The Ministry of Domestic Trade, Cooperatives and Consumer Affairs should continue to protect consumers by strictly enforcing the Hire-Purchase Act 1967 (HPA) and the recent amendments which came into effect on 15 June 2011.
Those in the motor business are complaining that their sales are down by 20-30% and they attribute it to the amendments though they also acknowledge that the amendments do protect consumers.
One of the problems with the critical illness policy is that it is being sold by agents who give policyholders the wrong impression that the coverage is wider than it really is. (A critical illness policy is one that pays out a lump sum upon confirmation that the policyholder has been diagnosed with one of the illnesses or conditions covered under the policy)
For example, the agent assures the policyholder that cancer is one of the critical illness covered but does not explain that it has to be the “right “cancer.
CAP today calls on the Ministry of Information Communications and Culture to take action against the Malaysian Communications and Multimedia Commission (MCMC) for failure in playing their role as a regulatory body for multimedia matters.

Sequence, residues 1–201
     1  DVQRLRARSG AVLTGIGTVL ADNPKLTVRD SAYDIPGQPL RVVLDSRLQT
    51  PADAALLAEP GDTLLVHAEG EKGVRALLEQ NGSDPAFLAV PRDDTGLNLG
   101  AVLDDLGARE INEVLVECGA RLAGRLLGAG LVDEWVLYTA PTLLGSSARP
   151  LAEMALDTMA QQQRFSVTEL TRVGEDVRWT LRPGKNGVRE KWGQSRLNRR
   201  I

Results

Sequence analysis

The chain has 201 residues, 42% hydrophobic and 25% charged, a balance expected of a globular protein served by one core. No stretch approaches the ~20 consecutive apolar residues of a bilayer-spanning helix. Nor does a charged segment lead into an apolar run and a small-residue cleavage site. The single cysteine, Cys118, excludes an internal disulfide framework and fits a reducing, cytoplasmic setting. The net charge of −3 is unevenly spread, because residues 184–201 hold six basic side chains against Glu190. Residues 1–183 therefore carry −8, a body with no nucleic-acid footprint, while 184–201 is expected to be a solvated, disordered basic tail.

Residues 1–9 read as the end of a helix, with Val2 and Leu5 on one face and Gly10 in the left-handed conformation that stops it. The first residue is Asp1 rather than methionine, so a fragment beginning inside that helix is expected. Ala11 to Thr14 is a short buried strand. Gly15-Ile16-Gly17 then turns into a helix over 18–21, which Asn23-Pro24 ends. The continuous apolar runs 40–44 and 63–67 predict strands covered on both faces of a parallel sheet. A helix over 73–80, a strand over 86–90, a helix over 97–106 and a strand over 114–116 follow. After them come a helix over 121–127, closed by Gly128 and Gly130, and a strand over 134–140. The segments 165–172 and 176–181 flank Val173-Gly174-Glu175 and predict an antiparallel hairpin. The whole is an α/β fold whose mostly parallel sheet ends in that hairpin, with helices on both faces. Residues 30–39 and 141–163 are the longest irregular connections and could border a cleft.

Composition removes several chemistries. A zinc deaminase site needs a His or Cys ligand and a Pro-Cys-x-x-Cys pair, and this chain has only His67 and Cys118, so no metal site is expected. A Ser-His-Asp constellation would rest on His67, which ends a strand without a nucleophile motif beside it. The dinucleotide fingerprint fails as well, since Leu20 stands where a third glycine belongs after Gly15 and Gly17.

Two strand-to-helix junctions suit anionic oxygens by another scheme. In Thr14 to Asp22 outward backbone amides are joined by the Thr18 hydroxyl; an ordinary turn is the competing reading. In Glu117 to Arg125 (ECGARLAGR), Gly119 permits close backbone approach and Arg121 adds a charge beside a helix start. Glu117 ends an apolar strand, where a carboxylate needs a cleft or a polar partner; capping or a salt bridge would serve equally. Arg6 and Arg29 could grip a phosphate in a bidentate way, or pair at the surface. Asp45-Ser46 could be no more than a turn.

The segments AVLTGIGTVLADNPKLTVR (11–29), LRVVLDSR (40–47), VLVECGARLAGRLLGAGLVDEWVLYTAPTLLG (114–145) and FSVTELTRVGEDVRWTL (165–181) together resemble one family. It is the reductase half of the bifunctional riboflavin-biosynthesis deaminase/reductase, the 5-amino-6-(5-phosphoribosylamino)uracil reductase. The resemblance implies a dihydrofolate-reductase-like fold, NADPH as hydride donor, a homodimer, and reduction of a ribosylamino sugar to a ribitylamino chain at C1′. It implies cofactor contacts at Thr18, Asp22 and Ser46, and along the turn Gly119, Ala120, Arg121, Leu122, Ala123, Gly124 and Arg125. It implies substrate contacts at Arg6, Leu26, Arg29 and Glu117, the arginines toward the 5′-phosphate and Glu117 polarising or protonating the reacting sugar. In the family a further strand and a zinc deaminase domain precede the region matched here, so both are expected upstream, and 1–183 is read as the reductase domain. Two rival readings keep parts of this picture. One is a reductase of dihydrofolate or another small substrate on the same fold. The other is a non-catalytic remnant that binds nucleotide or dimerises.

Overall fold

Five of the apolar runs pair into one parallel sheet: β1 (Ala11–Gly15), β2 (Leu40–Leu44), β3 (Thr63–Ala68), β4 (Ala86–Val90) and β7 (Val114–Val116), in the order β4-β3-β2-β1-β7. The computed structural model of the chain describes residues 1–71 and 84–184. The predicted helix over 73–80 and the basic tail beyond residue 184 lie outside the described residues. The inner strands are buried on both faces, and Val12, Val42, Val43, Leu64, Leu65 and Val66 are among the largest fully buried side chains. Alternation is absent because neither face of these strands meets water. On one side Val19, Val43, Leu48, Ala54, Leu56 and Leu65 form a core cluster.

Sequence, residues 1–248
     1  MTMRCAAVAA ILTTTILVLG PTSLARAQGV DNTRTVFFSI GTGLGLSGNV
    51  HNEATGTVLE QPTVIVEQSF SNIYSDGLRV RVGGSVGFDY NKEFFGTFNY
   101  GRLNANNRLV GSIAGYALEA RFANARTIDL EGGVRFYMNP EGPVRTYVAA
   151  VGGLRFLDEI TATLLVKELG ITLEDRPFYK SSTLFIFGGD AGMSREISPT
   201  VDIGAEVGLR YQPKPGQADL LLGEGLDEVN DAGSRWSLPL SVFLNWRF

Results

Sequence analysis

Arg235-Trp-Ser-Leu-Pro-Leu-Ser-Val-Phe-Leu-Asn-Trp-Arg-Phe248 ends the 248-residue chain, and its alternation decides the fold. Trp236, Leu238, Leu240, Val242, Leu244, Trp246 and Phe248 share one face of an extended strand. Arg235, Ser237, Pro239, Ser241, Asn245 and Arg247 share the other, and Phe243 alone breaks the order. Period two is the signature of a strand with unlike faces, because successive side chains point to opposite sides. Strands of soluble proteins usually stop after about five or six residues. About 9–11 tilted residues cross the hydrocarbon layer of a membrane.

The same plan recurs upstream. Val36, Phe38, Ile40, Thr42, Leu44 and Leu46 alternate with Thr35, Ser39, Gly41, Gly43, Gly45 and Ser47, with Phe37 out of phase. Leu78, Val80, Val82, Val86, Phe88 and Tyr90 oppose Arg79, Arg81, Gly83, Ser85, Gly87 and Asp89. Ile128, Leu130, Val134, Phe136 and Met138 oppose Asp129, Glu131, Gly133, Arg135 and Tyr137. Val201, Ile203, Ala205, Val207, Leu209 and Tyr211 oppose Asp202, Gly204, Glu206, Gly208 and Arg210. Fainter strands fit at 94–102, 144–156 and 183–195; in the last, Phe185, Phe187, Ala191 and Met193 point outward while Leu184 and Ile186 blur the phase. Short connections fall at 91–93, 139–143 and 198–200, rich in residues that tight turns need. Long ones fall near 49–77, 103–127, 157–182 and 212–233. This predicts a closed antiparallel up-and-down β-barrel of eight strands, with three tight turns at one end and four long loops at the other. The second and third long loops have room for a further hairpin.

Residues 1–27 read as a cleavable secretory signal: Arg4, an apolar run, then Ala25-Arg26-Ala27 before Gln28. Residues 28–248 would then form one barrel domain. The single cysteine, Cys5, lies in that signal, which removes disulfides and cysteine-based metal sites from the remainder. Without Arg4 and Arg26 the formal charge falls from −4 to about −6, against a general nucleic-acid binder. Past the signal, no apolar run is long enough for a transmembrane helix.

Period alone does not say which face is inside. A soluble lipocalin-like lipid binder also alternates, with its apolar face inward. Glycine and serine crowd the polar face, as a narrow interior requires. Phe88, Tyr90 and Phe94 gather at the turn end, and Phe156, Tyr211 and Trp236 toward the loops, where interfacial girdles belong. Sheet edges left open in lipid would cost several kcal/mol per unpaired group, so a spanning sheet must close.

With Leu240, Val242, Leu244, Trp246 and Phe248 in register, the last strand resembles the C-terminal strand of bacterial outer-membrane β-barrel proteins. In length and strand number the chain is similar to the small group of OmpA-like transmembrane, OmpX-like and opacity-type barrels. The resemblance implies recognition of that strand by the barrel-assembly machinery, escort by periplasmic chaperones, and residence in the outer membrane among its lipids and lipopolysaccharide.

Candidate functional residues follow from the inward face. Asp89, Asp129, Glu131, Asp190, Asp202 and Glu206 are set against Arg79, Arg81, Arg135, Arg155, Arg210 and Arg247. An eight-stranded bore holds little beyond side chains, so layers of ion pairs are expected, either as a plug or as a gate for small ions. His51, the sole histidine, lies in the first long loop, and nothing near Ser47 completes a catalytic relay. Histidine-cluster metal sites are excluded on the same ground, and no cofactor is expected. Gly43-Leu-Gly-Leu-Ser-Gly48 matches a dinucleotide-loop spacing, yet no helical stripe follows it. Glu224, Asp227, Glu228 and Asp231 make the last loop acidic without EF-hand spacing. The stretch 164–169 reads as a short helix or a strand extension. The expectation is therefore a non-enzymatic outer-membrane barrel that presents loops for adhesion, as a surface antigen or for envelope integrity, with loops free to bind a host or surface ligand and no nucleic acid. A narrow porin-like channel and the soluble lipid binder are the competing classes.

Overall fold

This call is made in view of the uprising number of complaints made by consumers against Content Providers in ripping off consumers through their various modus operandi. It is bad enough that multimedia users are subjected to spam, spoofing, fraud etc. to rip them off, but when licensed entities also rip consumers off by breaching the laws and regulations that they promise to abide with when applying for their licences, it is intolerable.
Banks are exploiting mortgagors by taking out fire insurance on the mortgaged properties to cover the full amount of the loan which in almost all cases will be about 90% of the market value of the properties.
Market value is the combination of the cost of the land and of the building on it. Fire insurance does not cover land, but only the cost of re-building the building(s) on it.
The issue of the Latin American gang that hacked into some of Malaysia’s ATM’s (automated teller machines) and absconded with a little over RM 3 million is both frightening and eye-opening. It should be an indication to us that our cyber security is grossly lacking and perhaps our money and personal information are not as safe as we once thought them to be.